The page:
We decided that we are going to find the resources to help Igor and Vera move forward, trusting that God will provide them, even though we do not have the funds currently. It will take about $5,000 to plant the fields, purchase the cows, and build the hay storage. The story of Igor and Vera are one of the many that we encounter, and prayers are needed to have the wisdom to know how to respond to the many needs.

In the afternoon we traveled to Chisinau, and had a couple of hours to visit the Ag Exposition that started that day. It was the first time that I had a chance to this annual event, and we didn’t have near enough time to take it all in. We did have a very good contact with a company that has a feed mill that is making a number of feeds for dairy, chickens and pigs. They have a very nice product, and at least on the pig side of it, have a good program for hog producers. There will be future discussions with them.

As we were leaving when the show was over, we passed a company that was selling Kinze No-Till planters. Last year they had a planter that planted about 1,000 acres No-Till. They will have 5 planters in the country this year, already having over 10,000 acres booked for planting.

As we shared the work that we are doing in Moldova, the rep went and got the owner of the company to come and talk to us. I ended up spending about an hour with him, talking about our experience with No-Till farming and cover crops. He shared what they are learning, and wants to visit some farms in the US who are successful with this type of agriculture. We talked about how we could help them with demonstration plots, and doing seminars with them this fall. It opens the door for both our ministry, and a business opportunity for Cover Crop Solutions. It was another example of a Divine Appointment that God has been granting us as we continue to follow what He has called us to do.

After a delicious supper at La Placente, we were glad to get to CCI where we went to bed early – 8 pm – and had a good night’s sleep, after another packed, fulfilling, successful trip to Moldova. We ate breakfast before heading to the airport. On the way we stopped at the John Deere dealership to see about getting some replacement parts for the planter. We will have to see if they are able to get what we need, or if we send them from the US.

We met Dumitru and Slavic before we got to the airport so that we could pack some of the cheese they make, into our luggage to bring to the US. For a taste of some of the most delicious cheese you will ever eat, come to my house, or better yet, come with me to Moldova!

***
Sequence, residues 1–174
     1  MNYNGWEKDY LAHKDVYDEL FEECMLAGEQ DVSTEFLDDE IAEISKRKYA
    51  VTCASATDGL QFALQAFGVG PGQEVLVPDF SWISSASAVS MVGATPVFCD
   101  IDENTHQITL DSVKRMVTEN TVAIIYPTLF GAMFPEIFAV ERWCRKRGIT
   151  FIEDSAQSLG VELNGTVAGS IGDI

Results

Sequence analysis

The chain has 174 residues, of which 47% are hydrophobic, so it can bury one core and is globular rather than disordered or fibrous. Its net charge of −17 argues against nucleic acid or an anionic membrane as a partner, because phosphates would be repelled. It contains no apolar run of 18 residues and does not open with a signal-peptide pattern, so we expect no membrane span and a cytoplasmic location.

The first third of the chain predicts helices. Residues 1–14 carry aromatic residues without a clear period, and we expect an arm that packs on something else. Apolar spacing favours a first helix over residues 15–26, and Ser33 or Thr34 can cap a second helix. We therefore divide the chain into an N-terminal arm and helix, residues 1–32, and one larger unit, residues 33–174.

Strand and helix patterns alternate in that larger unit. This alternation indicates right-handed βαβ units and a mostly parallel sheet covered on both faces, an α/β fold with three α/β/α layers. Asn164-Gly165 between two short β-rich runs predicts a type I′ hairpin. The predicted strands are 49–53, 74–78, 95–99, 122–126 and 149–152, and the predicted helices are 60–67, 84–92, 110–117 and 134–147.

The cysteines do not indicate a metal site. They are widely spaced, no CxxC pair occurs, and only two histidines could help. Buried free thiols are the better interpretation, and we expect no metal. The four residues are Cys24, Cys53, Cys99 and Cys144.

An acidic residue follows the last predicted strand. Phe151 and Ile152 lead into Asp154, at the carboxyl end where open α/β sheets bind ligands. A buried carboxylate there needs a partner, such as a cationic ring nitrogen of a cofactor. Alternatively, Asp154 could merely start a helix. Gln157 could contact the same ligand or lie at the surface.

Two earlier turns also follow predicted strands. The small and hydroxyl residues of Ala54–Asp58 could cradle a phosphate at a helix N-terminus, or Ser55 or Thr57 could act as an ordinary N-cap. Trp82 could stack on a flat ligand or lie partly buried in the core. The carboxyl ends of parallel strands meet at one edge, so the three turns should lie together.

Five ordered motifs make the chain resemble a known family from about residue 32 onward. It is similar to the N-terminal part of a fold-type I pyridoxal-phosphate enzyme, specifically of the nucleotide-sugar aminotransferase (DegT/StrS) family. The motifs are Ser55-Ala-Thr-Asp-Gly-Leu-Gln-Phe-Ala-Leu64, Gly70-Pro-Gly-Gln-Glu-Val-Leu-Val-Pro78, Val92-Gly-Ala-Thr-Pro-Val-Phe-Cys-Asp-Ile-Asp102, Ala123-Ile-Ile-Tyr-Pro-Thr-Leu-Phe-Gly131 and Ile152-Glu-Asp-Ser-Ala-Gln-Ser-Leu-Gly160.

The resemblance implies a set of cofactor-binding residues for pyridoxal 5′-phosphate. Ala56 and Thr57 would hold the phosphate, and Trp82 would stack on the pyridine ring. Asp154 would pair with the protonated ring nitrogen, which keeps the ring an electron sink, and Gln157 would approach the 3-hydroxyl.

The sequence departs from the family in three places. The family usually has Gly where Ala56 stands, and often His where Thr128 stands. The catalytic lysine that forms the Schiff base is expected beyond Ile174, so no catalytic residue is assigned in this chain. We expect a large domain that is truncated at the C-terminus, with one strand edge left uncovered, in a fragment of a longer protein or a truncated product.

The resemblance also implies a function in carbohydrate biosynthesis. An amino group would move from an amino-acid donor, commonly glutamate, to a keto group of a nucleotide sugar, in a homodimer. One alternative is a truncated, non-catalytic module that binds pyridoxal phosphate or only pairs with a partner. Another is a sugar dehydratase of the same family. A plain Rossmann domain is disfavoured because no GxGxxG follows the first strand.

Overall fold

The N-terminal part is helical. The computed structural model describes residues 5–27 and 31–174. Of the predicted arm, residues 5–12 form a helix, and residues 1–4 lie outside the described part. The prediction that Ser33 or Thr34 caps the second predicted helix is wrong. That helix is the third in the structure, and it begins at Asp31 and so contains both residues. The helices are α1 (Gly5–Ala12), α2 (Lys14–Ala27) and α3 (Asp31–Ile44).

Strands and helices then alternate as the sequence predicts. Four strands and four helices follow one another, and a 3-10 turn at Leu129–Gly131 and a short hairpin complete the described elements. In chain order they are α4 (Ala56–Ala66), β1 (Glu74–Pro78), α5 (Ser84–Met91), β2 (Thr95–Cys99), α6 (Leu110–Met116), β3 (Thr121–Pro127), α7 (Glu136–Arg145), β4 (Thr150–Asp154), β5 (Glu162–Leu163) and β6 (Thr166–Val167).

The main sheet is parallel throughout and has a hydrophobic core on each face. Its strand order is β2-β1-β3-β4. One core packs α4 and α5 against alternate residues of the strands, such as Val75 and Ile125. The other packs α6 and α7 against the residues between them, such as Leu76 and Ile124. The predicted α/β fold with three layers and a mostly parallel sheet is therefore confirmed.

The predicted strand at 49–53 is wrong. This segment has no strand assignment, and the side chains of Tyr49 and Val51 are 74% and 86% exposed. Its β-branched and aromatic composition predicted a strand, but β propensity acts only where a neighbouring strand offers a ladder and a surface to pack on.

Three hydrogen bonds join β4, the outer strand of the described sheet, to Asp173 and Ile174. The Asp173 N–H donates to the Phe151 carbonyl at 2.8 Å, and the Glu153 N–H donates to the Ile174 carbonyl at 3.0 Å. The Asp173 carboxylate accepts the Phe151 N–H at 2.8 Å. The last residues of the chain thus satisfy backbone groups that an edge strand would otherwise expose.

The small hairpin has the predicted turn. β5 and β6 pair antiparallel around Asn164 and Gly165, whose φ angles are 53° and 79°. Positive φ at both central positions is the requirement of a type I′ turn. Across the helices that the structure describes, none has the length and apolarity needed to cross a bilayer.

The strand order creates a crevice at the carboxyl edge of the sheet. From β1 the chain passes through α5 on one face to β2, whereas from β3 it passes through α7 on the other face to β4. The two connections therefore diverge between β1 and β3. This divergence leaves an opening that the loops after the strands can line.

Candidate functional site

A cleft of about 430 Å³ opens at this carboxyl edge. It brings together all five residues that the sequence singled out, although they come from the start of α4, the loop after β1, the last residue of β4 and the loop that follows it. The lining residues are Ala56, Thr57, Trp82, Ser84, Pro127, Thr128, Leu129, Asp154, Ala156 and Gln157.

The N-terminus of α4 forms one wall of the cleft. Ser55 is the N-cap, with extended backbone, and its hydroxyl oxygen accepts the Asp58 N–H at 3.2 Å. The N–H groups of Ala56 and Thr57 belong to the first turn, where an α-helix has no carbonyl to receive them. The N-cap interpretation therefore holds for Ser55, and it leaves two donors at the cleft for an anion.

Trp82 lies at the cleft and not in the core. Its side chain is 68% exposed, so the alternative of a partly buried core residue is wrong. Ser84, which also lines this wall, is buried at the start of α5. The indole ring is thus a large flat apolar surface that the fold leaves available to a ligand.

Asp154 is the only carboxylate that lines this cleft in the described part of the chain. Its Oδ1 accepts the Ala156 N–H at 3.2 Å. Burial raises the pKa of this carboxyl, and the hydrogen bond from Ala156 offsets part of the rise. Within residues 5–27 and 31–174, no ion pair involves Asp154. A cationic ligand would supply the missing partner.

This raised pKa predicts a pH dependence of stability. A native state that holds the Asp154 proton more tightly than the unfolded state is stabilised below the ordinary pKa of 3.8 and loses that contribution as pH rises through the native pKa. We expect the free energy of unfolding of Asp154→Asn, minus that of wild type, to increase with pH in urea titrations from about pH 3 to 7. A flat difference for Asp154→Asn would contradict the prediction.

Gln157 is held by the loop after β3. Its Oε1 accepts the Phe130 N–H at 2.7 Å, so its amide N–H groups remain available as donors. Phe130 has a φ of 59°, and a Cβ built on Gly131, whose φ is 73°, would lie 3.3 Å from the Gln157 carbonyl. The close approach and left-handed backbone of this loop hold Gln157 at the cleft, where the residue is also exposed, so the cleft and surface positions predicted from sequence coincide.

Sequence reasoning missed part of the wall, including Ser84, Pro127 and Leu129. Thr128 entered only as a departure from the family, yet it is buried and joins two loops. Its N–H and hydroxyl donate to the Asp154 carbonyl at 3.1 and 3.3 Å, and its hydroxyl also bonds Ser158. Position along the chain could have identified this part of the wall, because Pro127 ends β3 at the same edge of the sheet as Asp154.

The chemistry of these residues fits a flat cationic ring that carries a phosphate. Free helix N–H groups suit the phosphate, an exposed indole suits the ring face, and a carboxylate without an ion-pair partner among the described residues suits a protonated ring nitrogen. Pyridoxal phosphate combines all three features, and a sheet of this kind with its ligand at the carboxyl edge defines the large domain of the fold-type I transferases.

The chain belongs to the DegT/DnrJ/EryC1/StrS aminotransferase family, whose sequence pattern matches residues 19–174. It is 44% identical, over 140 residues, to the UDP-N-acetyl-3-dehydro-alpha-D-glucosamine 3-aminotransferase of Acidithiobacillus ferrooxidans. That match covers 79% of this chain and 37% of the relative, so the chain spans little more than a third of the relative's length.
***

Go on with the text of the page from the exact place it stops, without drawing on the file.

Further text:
Travel home went very well, no problems with tickets, passport control, transfers, the flight or customs. Slavic and Dumitru were able to make the trip along side of us the whole time, with the exception of going thru the passport line entering the US, but the crowd was the smallest I have ever experienced coming home, and I was able to keep them in sight the whole time, so it wasn’t a problem connecting again.

But God wasn’t quite done yet! On the crowded bus in Munich transferring us from our flight from Moldova to the flight back to the US, we were standing next to a lady and group of young ladies who were talking about Chicago. Jim asked if they were from the US, and then asked what they were doing in Moldova.

It turns out they were college students who had just spent some time with a ministry that is providing homes for girls at risk. When orphans reach the age of 16 they are put out on the street, and many find themselves victims of Human Trafficking. This organization provides homes, spiritual guidance and training for them to find safe and rewarding jobs. I was able to give the lady – didn’t even have time to get her name – my last AgConnect Ministries business card, and we promised to get in touch. I have already contacted the organization here about meeting to see how we can partner with the work in Moldova.

We were picked up at Newark Liberty Airport by my brother Karl, who graciously provided us, not only with a ride home, but also with an abundance of food and drink that we enjoyed, even though our internal body clocks said that it was 3 am.

Please continue to remember us with your prayers as we seek to do the work that God has called us to in Moldova. My plans are to return to Moldova in late April thru the middle of May. My son Jordan is planning on going with me on this trip. I will be trying to keep you informed of all that is happening with the work in Moldova, and elsewhere, as God continues to expand the work of this ministry.


Leslie Yoder